Irish farmer jailed for forcing repo men to strip naked and join the pigs

Posted 14 February 2014 Written by Patrick Counihan

An Irish farmer has been jailed for forcing two repossession men to strip naked and step into a pen with an agitated boar. They pleaded to be let go, but the farmer made them get down on their knees and recite the "Our Father" first. (We think the 12 month sentence is outrageous - Ed)

A Irish pig farmer has been sent to jail for a year after he forced two repossession men to strip naked and get into a pen with an agitated boar.

Donal Connaughton, a 55-year-old from Newtowncashel, was sentenced to 12 months in prison at Longford Circuit Court.

He was found guilty of two counts of false imprisonment, two charges of threatening to cause serious harm, one count of assault and two of criminal damage.

Connaughton was found not guilty on another charge of assault, according to a report in the Irish Independent.

The repo men - Patrick Mulvey and Justin Tighe from Dublin-based repossession company Assets Security - told the court that they feared for their lives.

They went to JAC Pigs Ltd in Co Longford in April 2010 to repossess items on behalf of GE Money.

The court heard a scuffle had taken place in the yard at the pig farm during which Mulvey and Tighe said they were assaulted.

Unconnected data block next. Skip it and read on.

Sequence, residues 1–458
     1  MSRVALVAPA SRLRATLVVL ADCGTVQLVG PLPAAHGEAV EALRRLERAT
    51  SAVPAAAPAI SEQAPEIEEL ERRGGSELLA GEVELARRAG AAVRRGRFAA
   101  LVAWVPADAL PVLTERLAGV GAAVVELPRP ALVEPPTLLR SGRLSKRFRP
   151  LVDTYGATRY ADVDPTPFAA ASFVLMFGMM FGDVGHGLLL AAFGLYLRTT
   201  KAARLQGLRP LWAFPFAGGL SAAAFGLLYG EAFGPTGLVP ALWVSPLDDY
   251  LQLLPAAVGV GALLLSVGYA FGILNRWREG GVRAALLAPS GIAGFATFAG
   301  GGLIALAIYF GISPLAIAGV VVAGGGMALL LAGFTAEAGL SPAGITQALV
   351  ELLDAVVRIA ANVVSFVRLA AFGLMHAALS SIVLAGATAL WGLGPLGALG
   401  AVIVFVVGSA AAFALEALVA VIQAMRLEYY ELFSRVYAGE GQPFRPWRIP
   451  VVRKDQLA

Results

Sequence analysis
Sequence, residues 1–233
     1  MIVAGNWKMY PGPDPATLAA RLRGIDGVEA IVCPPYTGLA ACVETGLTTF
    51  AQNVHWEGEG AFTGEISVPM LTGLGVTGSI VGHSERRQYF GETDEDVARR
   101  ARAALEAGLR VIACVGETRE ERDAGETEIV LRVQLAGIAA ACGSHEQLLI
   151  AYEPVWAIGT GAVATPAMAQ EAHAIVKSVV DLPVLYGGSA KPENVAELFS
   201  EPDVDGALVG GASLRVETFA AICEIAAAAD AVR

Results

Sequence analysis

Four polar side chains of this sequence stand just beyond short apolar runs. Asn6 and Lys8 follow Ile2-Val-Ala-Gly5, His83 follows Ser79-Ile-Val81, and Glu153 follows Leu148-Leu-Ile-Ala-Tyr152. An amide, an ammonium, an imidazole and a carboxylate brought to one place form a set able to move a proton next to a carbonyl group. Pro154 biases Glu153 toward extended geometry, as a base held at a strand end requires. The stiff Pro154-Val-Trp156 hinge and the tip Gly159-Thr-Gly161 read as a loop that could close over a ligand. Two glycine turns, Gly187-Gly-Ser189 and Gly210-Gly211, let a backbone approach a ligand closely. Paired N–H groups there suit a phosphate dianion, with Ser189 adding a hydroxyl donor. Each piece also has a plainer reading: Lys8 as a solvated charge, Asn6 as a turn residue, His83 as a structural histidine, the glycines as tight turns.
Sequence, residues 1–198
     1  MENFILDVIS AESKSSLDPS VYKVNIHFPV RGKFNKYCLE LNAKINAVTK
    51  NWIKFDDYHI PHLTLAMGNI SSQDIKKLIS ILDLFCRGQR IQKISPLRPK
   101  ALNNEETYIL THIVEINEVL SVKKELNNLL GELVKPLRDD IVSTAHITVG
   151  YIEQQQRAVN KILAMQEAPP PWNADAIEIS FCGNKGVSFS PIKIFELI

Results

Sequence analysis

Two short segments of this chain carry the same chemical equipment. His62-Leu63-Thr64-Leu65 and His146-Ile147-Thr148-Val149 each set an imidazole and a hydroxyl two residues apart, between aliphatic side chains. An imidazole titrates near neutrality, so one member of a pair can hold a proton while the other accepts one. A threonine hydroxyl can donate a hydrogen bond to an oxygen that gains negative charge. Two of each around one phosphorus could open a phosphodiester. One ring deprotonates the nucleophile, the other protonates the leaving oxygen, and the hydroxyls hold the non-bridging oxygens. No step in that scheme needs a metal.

They said in evidence that Connaughton had ordered them to strip and get into the pen with the agitated boar and they feared they were going to be violated by the animal.

The report says the animal could be heard on an audio recording made by one of the men on his phone during their ordeal.

The court heard audio of the two men pleading to be let go. They promised the farmer they would never return to the premises, but he said he wanted to ‘teach them a lesson.’

The men were told to strip naked and they would be allowed walk out of the yard. When they refused Connaughton made them get down on their knees and say the ‘Our Father’ before they were let go, leaving their truck behind.

Connaughton’s lawyer Patricia Cronin read a statement from her client in which he said he had worked hard and long hours with honesty and dedication.

The period leading up to 2010 had been particularly difficult. He said: “I was feeling the heat, trying to deal with 3,000 fat pigs.”

Connaughton admitted in his sentence that he had become angry and that things had gone too far. His lawyer said he didn’t attempt to justify the extent of his behaviour and he wanted to apologise.


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